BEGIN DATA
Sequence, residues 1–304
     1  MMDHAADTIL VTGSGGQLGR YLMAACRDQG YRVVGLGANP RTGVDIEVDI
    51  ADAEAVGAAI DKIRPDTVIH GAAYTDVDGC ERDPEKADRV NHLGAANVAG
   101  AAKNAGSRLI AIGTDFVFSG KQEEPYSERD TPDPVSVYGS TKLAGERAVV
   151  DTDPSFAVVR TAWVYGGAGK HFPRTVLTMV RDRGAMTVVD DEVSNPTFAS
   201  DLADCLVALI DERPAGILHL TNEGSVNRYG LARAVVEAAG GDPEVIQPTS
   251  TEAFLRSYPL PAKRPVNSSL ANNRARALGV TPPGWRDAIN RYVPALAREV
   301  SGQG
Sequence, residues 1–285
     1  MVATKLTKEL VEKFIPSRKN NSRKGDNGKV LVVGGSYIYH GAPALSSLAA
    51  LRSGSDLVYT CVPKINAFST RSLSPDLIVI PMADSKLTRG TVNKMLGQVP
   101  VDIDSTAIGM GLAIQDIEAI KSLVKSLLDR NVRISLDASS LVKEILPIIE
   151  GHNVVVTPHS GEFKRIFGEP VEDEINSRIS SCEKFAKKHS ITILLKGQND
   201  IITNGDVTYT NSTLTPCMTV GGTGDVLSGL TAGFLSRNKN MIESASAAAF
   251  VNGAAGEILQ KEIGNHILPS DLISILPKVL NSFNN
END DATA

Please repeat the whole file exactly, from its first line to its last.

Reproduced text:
Sequence, residues 1–304
     1  MMDHAADTIL VTGSGGQLGR YLMAACRDQG YRVVGLGANP RTGVDIEVDI
    51  ADAEAVGAAI DKIRPDTVIH GAAYTDVDGC ERDPEKADRV NHLGAANVAG
   101  AAKNAGSRLI AIGTDFVFSG KQEEPYSERD TPDPVSVYGS TKLAGERAVV
   151  DTDPSFAVVR TAWVYGGAGK HFPRTVLTMV RDRGAMTVVD DEVSNPTFAS
   201  DLADCLVALI DERPAGILHL TNEGSVNRYG LARAVVEAAG GDPEVIQPTS
   251  TEAFLRSYPL PAKRPVNSSL ANNRARALGV TPPGWRDAIN RYVPALAREV
   301  SGQG
Sequence, residues 1–285
     1  MVATKLTKEL VEKFIPSRKN NSRKGDNGKV LVVGGSYIYH GAPALSSLAA
    51  LRSGSDLVYT CVPKINAFST RSLSPDLIVI PMADSKLTRG TVNKMLGQVP
   101  VDIDSTAIGM GLAIQDIEAI KSLVKSLLDR NVRISLDASS LVKEILPIIE
   151  GHNVVVTPHS GEFKRIFGEP VEDEINSRIS SCEKFAKKHS ITILLKGQND
   201  IITNGDVTYT NSTLTPCMTV GGTGDVLSGL TAGFLSRNKN MIESASAAAF
   251  VNGAAGEILQ KEIGNHILPS DLISILPKVL NSFNN